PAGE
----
By Blake Neff
The New York Times published a profile of a Donald Trump campaign office in Florida, expressing astonishment at the number of non-white people and immigrants working in it.
Recently, the media have honed in on the support Trump has received from white supremacists, and the various positions he takes — such as opposition to illegal immigration — that are allegedly racist callbacks to the days of the Ku Klux Klan.
But when the Times profiled a Trump campaign office in Tampa, Florida, it found a diverse group of Trump supporters that included numerous immigrants.
“For a campaign frequently depicted as offering a rallying point for the white working class, the people volunteering to help Mr. Trump here are noteworthy for their ethnic diversity,” the report says. “They include a young woman who recently arrived from Peru; an immigrant from the Philippines; a 70-year-old Lakota Indian; a teenage son of Russian immigrants; a Mexican-American.”
The group was also politically diverse, including lifelong Republicans as well as libertarians and even ex-Democrats. Several are immigrants or the children of immigrants, who emphasized they arrived in the U.S. legally, often taking many years to navigate the process and become full citizens. Besides concerns about immigration, many also hope Trump can improve the U.S. economy or shake up a stagnant Washington, D.C. political environment.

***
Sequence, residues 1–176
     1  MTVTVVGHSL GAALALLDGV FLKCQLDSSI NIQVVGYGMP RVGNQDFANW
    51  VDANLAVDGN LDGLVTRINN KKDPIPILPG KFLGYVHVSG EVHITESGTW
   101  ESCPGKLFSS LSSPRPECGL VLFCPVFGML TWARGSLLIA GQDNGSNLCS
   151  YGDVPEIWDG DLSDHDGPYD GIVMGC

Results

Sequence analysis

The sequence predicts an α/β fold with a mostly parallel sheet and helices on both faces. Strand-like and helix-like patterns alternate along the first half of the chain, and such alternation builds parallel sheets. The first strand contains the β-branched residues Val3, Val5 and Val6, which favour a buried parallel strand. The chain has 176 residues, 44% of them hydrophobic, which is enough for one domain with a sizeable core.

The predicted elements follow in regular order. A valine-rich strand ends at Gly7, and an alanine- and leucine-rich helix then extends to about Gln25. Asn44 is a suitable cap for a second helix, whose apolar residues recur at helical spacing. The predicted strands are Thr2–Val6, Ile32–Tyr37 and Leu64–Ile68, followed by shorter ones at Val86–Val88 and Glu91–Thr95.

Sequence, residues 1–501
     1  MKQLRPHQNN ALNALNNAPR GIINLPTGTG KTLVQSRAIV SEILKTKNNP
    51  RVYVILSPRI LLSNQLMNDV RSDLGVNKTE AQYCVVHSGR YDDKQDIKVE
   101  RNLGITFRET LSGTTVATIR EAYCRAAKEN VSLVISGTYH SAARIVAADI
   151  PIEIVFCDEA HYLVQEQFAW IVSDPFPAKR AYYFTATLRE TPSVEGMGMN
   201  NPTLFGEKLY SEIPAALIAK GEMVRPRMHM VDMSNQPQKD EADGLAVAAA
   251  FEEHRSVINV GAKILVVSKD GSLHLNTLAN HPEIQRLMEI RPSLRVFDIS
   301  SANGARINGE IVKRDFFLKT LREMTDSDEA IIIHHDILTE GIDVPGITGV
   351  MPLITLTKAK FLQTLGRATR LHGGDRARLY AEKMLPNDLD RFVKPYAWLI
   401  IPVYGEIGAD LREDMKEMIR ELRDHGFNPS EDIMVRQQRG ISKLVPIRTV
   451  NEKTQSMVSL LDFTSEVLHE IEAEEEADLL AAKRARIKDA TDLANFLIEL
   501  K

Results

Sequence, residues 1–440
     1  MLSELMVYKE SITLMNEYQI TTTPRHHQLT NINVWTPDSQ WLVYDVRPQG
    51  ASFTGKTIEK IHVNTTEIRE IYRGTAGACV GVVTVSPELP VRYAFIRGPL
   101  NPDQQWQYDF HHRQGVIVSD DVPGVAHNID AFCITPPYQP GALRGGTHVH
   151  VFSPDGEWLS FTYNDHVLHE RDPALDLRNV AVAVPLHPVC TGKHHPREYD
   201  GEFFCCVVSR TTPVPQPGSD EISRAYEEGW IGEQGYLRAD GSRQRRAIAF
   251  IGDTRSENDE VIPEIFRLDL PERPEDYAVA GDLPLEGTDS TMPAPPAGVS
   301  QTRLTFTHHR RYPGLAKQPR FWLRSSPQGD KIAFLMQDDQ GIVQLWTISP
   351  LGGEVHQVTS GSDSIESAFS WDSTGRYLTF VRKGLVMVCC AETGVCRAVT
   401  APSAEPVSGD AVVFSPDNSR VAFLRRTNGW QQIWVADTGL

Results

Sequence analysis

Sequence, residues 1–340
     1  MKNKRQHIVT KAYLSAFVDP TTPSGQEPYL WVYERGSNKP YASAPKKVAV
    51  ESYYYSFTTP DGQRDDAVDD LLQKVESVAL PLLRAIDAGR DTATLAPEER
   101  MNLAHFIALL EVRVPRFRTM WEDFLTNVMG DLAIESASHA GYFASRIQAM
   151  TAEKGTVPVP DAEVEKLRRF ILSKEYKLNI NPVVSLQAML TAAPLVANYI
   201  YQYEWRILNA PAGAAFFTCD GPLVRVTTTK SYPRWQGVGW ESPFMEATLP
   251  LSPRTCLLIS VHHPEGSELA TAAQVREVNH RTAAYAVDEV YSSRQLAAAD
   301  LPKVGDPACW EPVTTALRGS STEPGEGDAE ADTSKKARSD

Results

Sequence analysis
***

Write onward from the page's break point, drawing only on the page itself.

Despite this, the Times also says “fears centered on race and ethnicity” are why many people in the “unlikely melting post” back Trump. Yet when quoted directly, the Times only cites opposition to illegal immigration and complaints that Democrats are pandering on race.
“When do you ever say you need the white person’s vote?” lifelong Democrat Annette Lux said, as part of what was dubbed a “tirade” against former secretary of State Hillary Clinton.
Mireya Linsky, a middle-aged Jewish female supporter of Trump, is described as harboring a “long list of racial fears and resentments” after complaining about illegal immigrants, opposing outsourcing, and suggesting that President Barack Obama “has a dislike for white folks.”
One Cuban supporter of Trump said he saw some unfortunate racial rhetoric at Trump rallies, but was willing to overlook it due to his distaste for the Republican and Democratic establishments
“I’m turning my cheek to the David Duke comments,” he said.
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